What is the function of Autotitrator?
Autotitrators are programmed to precisely add known amounts of a chemical (called the titrant) to exactly quantify the amount of an unknown chemical (the analyte) in a sample.
What is Mettler Toledo titrator?
METTLER TOLEDO’s Titrator family provides a complete range of autotitrators to satisfy increasing automation demands. Karl Fischer titration is the specific standard method for the determination of water content and gives accurate and precise results within just a few minutes.
What is the principle of Titrimetry?
What is Titration? Titration is a quantitative chemical analysis. It is used to determine an unknown concentration of a known substance in a sample. The basic principle of the titration is the following: A solution – a so called titrant or standard solution – is added to sample to be analyzed.
How accurate is an Autotitrator?
Improved accuracy and precision A resolution of 10,000–100,000 steps can be achieved with modern auto-titrators. This corresponds to a precision of 5 μL down to 0.5 μL for a 50 mL motor-driven buret. The precision can be further enhanced by using a motor-driven buret with a smaller volume.
What is Karl Fischer test?
Karl Fischer titration is a classic titration method in chemical analysis that uses coulometric or volumetric titration to determine trace amounts of water in a sample. It was invented in 1935 by the German chemist Karl Fischer.
When was titration first used?
In 1828, the French chemist Joseph Louis Gay-Lussac first used titre as a verb (titrer), meaning “to determine the concentration of a substance in a given sample”. Volumetric analysis originated in late 18th-century France.
What is the importance of titrimetry?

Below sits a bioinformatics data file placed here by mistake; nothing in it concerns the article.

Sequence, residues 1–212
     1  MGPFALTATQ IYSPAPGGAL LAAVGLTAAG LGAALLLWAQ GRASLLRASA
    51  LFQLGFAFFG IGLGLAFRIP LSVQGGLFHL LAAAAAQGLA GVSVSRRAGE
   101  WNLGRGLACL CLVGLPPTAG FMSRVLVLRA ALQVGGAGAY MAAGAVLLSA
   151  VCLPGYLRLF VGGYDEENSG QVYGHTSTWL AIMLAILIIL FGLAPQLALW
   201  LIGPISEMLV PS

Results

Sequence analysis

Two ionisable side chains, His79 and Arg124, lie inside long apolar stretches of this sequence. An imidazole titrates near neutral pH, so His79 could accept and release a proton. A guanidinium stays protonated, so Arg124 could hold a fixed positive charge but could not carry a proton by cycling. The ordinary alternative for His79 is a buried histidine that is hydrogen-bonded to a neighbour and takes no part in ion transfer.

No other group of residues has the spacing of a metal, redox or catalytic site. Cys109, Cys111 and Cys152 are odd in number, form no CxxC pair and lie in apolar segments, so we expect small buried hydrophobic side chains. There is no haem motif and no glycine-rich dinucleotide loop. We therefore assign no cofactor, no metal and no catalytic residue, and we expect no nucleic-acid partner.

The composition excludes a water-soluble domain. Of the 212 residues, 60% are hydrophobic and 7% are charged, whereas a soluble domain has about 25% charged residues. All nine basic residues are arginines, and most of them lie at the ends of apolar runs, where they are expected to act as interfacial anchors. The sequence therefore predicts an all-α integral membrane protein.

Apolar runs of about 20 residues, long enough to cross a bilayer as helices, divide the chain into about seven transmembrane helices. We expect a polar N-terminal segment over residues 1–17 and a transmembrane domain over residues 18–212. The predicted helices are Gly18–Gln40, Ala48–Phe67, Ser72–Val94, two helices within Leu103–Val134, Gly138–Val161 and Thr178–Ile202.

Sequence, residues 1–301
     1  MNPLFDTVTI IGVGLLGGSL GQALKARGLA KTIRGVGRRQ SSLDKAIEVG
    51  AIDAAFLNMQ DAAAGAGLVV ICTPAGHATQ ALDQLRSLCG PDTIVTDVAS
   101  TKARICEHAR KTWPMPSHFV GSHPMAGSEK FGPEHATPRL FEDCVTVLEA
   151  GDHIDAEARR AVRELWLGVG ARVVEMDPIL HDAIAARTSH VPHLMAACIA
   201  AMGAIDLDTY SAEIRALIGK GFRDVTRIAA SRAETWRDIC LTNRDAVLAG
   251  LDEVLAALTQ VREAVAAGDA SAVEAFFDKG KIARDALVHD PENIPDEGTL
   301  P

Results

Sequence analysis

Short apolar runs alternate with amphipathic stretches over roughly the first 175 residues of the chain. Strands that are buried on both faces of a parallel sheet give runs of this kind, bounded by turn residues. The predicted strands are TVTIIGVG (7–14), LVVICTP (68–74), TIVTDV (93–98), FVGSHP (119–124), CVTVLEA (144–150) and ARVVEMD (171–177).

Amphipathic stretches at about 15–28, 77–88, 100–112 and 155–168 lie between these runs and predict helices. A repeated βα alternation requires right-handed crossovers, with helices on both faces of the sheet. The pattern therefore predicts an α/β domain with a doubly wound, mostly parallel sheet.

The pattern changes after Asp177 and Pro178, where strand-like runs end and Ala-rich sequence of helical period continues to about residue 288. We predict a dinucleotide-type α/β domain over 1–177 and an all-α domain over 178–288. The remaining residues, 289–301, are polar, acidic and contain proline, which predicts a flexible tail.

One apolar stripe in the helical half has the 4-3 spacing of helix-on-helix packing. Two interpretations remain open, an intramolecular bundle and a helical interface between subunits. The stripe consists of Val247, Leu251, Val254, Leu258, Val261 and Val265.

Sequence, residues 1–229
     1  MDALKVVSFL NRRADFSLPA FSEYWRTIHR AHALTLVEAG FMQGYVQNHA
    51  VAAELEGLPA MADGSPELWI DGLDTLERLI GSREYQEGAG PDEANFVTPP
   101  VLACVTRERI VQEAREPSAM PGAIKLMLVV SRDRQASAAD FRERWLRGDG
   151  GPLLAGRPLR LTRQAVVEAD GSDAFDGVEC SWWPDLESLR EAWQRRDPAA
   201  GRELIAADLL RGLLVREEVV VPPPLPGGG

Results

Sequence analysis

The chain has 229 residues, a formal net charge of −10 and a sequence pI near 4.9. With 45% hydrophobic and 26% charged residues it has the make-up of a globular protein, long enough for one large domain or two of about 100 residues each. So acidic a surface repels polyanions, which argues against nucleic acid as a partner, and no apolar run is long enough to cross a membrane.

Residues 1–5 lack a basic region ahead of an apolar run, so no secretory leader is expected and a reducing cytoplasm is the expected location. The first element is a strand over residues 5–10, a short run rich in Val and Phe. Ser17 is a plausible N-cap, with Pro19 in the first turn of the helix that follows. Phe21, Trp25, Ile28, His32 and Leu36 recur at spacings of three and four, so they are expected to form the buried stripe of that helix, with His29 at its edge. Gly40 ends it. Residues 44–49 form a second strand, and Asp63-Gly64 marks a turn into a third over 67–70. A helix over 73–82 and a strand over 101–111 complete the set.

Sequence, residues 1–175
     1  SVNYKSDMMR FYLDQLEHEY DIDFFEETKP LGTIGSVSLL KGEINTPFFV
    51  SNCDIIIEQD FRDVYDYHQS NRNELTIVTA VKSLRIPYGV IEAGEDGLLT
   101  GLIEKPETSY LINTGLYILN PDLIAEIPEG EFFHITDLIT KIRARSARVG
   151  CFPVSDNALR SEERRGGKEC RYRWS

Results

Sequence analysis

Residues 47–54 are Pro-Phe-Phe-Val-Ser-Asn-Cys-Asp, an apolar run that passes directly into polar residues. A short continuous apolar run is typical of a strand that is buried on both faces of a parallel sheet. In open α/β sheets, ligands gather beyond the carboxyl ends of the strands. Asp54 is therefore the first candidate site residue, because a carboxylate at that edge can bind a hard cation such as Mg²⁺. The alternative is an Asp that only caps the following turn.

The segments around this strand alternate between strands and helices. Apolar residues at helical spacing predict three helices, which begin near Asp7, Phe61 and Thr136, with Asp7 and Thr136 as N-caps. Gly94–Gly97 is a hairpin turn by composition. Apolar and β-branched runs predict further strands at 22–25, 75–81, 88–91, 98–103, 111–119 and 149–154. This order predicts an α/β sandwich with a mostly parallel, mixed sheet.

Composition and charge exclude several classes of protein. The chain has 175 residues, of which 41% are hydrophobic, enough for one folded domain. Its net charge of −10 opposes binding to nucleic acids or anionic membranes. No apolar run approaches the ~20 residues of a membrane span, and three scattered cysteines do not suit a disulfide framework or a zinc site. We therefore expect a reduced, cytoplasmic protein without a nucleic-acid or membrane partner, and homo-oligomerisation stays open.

Titration is an analytical technique that is widely used in the food industry. It allows food manufacturers to determine the quantity of a reactant in a sample. For example, it can be used to discover the amount of salt or sugar in a product or the concentration of vitamin C or E, which has an effect on product colour.
What are the disadvantages of titration?
Human error can also pose many limitations to a titration experiment. For example, if a sample solution has been left open, a small amount of the solution may have evaporated. If the pipette was not washed with distilled water between measuring the titrate and the analyte, the analyte could be contaminated.
Who first discovered titration?
In the 18th century, Francois Antoine Henri Descroizilles1 invented the first buret. The process was developed further by Karl Friedrich Mohr, who, in 1855, wrote the first book about titration, called “Instructional Book of Titration Methods in Analytical Chemistry.”
What is KF factor?
How do you calculate Karl Fischer factor? The water equivalence factor F is determined according to the formula 0.1566 x w / v in mgs of H2O per ml of reagent, where W is the sodium tartrate weight in mgs, and V is the reagent volume in ml.
What is drift in KF?
Simply put, drift is background moisture that the Karl Fisher titrator is detecting. What is background moisture? Well, it is moisture that the Karl Fisher titrator (specifically the detector electrode) is detecting inside the vessel -that’s not coming from your sample.